If you're wanting to mine Ethereum before the shift to staking occurs, here's how long it takes to mine one ETH.
Mining Ethereum is currently comparable to that of mining bitcoin, but given the environmental impact of mining, Vitalik Buterin and the wider Ethereum community are keen to move away from this towards staking.
So, here's what to expect from ETH mining.
How Long To Mine 1 Ethereum
One Ethereum - or 1 ETH - does not, theoretically, take long to mine. Ethereum has a block time of around 13 to 15 seconds, with each block rewarding 2 ETH.
However, this does not mean you will be able to earn 1 (or 2) ETH after 15 seconds of mining. In fact, mining Ethereum in 2021 means you are less likely to do so than ever before. This is due to the high level of Ethereum difficulty.
With more miners contributing more power to the network, Ethereum's difficulty has dramatically increased over the past year. The difficulty is currently at 6,977,819,887,765,621 (as of July 30) - or 6.98 P. On July 30, 2020, this was 2.4325 P.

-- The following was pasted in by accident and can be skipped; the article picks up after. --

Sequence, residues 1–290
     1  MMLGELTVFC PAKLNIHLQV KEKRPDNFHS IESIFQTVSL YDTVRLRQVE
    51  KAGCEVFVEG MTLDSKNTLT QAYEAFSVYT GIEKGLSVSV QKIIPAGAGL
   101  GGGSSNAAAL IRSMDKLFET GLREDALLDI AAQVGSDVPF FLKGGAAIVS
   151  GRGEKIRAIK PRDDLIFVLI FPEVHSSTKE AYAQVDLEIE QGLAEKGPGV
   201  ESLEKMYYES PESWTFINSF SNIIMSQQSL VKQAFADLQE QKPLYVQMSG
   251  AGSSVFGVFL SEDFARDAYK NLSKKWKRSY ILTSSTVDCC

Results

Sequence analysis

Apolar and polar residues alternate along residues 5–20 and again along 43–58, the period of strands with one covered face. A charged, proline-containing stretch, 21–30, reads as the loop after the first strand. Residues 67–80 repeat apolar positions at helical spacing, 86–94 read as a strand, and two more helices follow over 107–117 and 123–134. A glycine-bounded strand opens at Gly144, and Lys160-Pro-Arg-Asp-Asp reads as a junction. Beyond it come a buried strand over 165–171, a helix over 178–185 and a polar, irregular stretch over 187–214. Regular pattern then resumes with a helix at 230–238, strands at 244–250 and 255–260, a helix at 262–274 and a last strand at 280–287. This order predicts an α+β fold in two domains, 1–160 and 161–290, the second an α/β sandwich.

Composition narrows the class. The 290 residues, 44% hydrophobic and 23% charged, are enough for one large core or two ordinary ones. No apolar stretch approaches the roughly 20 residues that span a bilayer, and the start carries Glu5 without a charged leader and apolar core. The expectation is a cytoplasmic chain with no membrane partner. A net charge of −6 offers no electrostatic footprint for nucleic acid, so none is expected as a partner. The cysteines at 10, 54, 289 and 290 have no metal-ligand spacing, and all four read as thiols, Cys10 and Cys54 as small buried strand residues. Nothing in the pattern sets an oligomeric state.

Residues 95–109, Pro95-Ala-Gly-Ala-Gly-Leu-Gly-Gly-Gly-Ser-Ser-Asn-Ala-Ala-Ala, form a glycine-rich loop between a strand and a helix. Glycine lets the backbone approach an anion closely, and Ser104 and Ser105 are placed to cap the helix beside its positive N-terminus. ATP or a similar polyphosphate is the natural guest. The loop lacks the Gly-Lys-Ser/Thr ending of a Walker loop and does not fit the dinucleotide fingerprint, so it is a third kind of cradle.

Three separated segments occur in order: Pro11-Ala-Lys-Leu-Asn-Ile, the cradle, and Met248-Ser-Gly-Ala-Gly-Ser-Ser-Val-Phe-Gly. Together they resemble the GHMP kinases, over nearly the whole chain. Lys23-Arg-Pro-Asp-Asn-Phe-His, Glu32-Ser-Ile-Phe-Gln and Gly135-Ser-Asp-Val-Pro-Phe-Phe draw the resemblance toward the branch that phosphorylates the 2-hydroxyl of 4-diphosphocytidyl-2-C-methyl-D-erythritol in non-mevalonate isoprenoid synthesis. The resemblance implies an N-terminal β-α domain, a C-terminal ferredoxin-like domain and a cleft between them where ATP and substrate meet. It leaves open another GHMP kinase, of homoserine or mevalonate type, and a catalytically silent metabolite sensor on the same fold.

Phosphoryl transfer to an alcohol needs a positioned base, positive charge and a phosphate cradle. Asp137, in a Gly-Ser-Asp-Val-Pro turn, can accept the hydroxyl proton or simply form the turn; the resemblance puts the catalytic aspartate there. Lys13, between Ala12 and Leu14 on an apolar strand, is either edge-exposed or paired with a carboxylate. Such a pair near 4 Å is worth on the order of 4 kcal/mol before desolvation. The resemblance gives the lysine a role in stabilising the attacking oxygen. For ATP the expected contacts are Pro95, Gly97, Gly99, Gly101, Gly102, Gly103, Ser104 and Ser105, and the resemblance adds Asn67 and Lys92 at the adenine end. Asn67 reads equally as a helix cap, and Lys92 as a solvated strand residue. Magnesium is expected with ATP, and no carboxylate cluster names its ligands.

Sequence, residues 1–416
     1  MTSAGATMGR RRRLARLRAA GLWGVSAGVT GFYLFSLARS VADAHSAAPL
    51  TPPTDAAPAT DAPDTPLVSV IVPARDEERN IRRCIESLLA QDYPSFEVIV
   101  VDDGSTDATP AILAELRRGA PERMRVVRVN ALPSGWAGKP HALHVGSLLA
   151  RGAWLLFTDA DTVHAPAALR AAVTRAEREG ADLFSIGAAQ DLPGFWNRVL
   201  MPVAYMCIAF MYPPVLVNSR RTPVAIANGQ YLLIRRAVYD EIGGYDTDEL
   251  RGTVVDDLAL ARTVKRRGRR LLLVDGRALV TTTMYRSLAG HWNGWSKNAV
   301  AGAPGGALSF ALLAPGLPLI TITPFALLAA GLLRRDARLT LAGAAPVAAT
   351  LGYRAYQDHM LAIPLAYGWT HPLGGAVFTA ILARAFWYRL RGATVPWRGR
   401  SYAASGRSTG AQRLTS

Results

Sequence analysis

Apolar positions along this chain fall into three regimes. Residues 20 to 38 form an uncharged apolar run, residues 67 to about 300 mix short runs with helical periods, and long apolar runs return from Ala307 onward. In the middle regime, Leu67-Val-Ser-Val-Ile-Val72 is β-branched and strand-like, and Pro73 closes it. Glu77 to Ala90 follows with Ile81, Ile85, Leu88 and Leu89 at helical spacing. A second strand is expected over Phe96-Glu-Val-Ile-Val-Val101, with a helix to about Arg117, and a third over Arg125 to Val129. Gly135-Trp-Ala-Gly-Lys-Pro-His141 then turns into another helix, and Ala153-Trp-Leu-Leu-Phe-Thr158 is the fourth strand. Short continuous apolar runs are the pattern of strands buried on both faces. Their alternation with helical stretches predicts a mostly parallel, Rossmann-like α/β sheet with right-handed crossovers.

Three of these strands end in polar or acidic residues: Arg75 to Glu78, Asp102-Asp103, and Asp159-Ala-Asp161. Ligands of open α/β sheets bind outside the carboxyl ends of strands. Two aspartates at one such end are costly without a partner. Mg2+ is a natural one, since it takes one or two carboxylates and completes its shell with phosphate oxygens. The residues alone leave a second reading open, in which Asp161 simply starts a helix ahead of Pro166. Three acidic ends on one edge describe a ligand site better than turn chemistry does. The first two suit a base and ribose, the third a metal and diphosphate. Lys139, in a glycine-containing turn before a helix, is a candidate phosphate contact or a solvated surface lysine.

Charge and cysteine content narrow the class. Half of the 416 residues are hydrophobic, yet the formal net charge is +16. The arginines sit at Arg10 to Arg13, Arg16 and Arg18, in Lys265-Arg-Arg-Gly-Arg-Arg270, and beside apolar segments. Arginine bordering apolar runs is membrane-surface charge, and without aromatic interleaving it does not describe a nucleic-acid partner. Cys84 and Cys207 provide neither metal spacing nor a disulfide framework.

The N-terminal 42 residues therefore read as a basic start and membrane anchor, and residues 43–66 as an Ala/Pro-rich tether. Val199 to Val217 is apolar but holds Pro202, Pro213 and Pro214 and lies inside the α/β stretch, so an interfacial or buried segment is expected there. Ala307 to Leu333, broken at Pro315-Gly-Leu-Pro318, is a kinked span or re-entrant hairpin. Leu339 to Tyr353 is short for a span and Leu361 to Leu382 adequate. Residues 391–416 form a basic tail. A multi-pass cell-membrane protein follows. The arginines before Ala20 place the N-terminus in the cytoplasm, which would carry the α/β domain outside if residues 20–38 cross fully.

Essentially, with a higher difficulty, your mining profitability will decrease as you are less likely to be chosen for the next block.
If you created a mining rig with a 100MH/s hash rate, for example, it would take an estimated 403 days to mine 1 ETH - or its equivalent - according to CoinWarz. Even a whopping 2000MH/s, or 2 GH/s, farm would take around 20 days to mine 1 ETH.
Of course, most Ethereum miners don't set out to mine 1 ETH. Instead, they will seek smaller rewards earned as part of a mining pool.
Mining pools allow miners to band their power together, giving them a higher chance of success. The rewards earned are then distributed throughout the pool based on the proportion of power each miner contributes.
However, with Ethereum staking set to take over from mining pretty soon, this system is set to change.
Ethereum Staking Time
Ethereum staking will be Ethereum's new method of validating transactions, set to be fully implemented with Ethereum 2.0's release. Using a proof-of-stake algorithm, users will no longer need expensive mining rigs, but will contribute ETH to be staked instead.
This will see users voluntarily 'lock up' their ETH in nodes for a period of time, of which these nodes will form part of the blocks.
As Eth2 is not yet out, we don't know how long exactly ETH will be locked up for during staking. Currently, any ETH staked on testnets will remain locked up until after the next stage of Ethereum 2.0 - the merge. This is slated to happen in '2021/22'.